Waging war, killing more innocents not answer to terrorism

I join with all Evanston residents in sending our prayers and support to all those who suffered from the horrendous tragedy that occurred on the fateful day of Sept. 11, and our heartfelt thanks to all those brave souls who risked life and limb to help their brethren.

Ana, my 19-year-old daughter, while watching news coverage of the World Trade Center and Pentagon catastrophes, turned to me and asked, “Is this the beginning of WWIII? Are we all going to be killed?”

The next day, Ben, my 13-year-old son, after hearing on the radio that President Bush had labeled what occurred on Sept. 11 “acts of war,” asked me, “Am I going to die?”

In a world filled with greater sanity, love and compassion, such questions would not not be asked. At least, I would like to think so.

In these times of tragedy, sadness and anger, let us remember it is the taking of human life that is at the heart of the matter. Let our thoughts and prayers reach out to all men, women and children who have been killed or will be killed in the name of one “good cause” or another, be they Americans, Iraqis, Palestinians, Israelis, Christians, Jews or Muslims.

For no matter who I am or what country I live in, if my children were to become the victims of violence, my feelings of sadness and anguish would not be lessened if the acts that resulted in their maiming or death were the result of the illegal violence known as terrorism committed by individuals or groups, or the legal institutionalized violence known as war committed by nations.

In fact, as I write these words, I am listening to a reporter on National Public Radio stationed on the border between Pakistan and Afghanistan interviewing a young Afghan mother who is attempting to flee into Pakistan with her two children because she does not want her children to die as a result of a U.S.- led attack on her country. She has never heard of the World Trade Center, and doesn’t understand why Americans would want to harm her children. Is this the kind of victory we are to find solace in or support as a loyal American? I would think not.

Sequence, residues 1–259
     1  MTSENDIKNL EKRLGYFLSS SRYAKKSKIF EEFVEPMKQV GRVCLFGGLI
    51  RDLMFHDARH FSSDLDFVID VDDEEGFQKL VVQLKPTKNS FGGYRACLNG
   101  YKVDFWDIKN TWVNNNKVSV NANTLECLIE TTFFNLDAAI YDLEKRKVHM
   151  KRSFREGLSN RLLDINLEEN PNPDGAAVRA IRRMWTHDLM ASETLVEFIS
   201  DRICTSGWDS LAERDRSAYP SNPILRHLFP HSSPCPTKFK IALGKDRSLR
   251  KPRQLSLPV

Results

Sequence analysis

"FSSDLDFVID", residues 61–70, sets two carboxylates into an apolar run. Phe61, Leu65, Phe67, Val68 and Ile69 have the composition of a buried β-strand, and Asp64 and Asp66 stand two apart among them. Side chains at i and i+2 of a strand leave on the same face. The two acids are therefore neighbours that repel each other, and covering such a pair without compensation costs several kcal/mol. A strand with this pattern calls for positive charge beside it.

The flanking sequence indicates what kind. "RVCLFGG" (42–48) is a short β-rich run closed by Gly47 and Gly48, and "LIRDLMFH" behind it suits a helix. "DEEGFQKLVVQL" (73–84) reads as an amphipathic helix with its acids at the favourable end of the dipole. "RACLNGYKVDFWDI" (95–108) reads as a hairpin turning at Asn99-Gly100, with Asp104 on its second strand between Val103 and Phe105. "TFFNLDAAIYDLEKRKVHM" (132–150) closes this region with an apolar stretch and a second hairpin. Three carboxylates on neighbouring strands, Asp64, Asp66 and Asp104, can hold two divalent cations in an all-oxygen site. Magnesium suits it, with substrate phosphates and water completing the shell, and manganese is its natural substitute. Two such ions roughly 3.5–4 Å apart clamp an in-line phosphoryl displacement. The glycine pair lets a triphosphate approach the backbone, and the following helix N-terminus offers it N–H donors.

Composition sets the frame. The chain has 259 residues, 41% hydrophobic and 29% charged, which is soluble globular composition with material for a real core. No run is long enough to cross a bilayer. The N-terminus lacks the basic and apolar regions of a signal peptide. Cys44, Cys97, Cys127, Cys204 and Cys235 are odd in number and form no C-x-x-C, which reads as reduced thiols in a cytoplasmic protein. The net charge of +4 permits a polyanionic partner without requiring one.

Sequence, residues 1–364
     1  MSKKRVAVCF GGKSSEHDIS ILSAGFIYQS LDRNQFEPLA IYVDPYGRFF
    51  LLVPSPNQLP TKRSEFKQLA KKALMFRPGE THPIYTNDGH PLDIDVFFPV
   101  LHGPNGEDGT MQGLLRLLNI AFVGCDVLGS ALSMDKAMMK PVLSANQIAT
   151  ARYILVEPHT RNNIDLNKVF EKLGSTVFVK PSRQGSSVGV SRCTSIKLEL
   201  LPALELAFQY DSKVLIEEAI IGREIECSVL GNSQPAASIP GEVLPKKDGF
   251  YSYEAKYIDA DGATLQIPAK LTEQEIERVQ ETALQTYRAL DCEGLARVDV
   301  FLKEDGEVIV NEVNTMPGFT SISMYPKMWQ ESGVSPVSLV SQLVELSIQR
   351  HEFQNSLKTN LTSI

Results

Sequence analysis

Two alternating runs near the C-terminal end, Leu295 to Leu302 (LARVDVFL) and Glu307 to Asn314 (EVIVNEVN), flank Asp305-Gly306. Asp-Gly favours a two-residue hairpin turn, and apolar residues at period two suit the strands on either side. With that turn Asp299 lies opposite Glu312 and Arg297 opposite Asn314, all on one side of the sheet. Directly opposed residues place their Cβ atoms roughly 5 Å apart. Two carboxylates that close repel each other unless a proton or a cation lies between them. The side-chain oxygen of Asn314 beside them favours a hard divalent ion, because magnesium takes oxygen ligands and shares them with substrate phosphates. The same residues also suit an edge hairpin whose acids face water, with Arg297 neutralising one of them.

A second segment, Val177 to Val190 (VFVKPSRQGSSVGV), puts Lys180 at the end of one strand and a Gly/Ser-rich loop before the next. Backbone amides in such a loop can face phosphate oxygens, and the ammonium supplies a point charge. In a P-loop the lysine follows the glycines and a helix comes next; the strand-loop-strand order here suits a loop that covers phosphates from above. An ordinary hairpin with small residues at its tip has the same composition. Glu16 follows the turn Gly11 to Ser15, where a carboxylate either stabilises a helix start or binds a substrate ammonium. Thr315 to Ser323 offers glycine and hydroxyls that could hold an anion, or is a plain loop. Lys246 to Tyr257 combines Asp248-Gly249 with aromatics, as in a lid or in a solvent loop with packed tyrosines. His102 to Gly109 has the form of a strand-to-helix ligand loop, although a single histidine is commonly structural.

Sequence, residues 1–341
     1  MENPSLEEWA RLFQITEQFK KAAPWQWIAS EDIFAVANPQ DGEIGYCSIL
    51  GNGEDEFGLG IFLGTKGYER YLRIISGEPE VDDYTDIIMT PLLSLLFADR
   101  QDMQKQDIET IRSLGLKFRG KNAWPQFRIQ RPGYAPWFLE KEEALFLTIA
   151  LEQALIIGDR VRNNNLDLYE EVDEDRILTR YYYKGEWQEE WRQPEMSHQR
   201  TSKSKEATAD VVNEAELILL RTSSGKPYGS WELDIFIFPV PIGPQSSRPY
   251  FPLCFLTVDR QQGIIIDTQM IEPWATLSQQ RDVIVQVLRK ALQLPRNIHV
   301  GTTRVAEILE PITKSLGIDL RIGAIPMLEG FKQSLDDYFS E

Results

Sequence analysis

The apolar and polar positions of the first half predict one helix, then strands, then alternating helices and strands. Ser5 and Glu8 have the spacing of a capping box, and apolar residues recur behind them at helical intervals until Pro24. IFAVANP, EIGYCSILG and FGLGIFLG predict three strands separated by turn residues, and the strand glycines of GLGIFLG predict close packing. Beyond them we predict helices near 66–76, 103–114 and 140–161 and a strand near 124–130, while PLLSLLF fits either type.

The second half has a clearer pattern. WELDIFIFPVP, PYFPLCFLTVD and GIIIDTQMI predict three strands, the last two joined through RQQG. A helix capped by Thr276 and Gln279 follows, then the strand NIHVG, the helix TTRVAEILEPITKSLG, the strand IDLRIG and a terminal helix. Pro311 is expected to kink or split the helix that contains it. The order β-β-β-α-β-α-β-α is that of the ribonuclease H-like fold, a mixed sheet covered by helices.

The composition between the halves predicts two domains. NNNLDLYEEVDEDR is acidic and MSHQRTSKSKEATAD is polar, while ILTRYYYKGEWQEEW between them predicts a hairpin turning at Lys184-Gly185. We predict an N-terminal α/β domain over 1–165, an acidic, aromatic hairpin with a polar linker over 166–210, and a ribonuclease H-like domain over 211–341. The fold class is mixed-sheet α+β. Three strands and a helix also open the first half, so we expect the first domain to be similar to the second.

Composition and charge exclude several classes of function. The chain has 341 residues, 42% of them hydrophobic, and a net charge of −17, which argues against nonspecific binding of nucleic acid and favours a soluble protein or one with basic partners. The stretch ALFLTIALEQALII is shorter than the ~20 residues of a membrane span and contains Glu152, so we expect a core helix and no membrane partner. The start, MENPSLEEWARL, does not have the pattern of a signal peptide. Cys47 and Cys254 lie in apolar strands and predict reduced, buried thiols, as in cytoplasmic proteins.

A hurt or dead child is a hurt or dead child, whether it be the result of a direct action or of “collateral damage,” a bureaucratic/techno term that is Orwellian doubletalk, whether used by Timothy McVeigh to justify the lives taken by him in Oklahoma City as he acted out his anger at the U.S. government, or by military spokesmen describing the frying alive by a cruise missile of hundreds of women and children who had taken refuge in a shelter during a missile attack on Iraq by U.S. planes.

If Bush were serious about hunting down those who trained and supported Osama bin Laden and his organization, he could easily start at home. In the 1980s, State Department and CIA officials thought bin Laden’s fanatical, fundamentalist movement would serve U.S. interests in combating Russian troops in Afghanistan. They funneled money and arms to his cause, and now we are all paying the price.

And Bush would not have nominated John Negroponte as our ambassador to the United Nations. Negroponte certainly knows plenty about terrorism, having been our man in Honduras during the height of the U.S.-trained death squads there, supporting the mass murder of civilians as a way of breaking the will of our enemies.

A balance must now be drawn between bringing to justice the perpetrators of the vicious and horrendous acts inflicted on innocent Americans on Sept. 11 and heeding a world crying out for no more killing for the sake of the children – all children – “theirs” as well as “ours.”

What is the nature of such a balance? To be honest, I, too, am searching for an answer. What I do know is that war is not the answer.

Yes, terrorism needs to be recognized for what is: a grave threat to the peoples of the world, whether committed by “us” or “them.” In deciding upon a course of action to deal with it, let us remember and take heed of these words of Martin Luther King Jr.: “An eye for an eye leaves everyone blind.”

Louis Silverstein, who received a doctorate at the School of Education in 1970, is a professor of liberal education at Columbia College in Chicago. He can be reached at [email protected]